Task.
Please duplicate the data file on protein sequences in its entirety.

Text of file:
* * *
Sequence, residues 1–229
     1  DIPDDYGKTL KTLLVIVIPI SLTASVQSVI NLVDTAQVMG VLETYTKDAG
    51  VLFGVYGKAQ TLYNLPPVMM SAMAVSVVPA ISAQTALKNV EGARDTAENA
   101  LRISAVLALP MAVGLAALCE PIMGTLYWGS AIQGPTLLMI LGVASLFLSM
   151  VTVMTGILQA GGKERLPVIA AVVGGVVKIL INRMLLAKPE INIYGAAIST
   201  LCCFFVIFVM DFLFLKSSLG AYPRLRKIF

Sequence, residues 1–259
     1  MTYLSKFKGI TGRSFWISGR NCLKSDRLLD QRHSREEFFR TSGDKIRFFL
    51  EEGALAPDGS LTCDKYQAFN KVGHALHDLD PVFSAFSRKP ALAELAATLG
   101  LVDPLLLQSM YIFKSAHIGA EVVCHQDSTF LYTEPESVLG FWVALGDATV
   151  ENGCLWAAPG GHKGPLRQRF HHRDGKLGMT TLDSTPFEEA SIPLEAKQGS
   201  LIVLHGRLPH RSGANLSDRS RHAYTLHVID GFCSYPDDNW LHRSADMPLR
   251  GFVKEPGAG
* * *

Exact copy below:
Sequence, residues 1–229
     1  DIPDDYGKTL KTLLVIVIPI SLTASVQSVI NLVDTAQVMG VLETYTKDAG
    51  VLFGVYGKAQ TLYNLPPVMM SAMAVSVVPA ISAQTALKNV EGARDTAENA
   101  LRISAVLALP MAVGLAALCE PIMGTLYWGS AIQGPTLLMI LGVASLFLSM
   151  VTVMTGILQA GGKERLPVIA AVVGGVVKIL INRMLLAKPE INIYGAAIST
   201  LCCFFVIFVM DFLFLKSSLG AYPRLRKIF

Sequence, residues 1–259
     1  MTYLSKFKGI TGRSFWISGR NCLKSDRLLD QRHSREEFFR TSGDKIRFFL
    51  EEGALAPDGS LTCDKYQAFN KVGHALHDLD PVFSAFSRKP ALAELAATLG
   101  LVDPLLLQSM YIFKSAHIGA EVVCHQDSTF LYTEPESVLG FWVALGDATV
   151  ENGCLWAAPG GHKGPLRQRF HHRDGKLGMT TLDSTPFEEA SIPLEAKQGS
   201  LIVLHGRLPH RSGANLSDRS RHAYTLHVID GFCSYPDDNW LHRSADMPLR
   251  GFVKEPGAG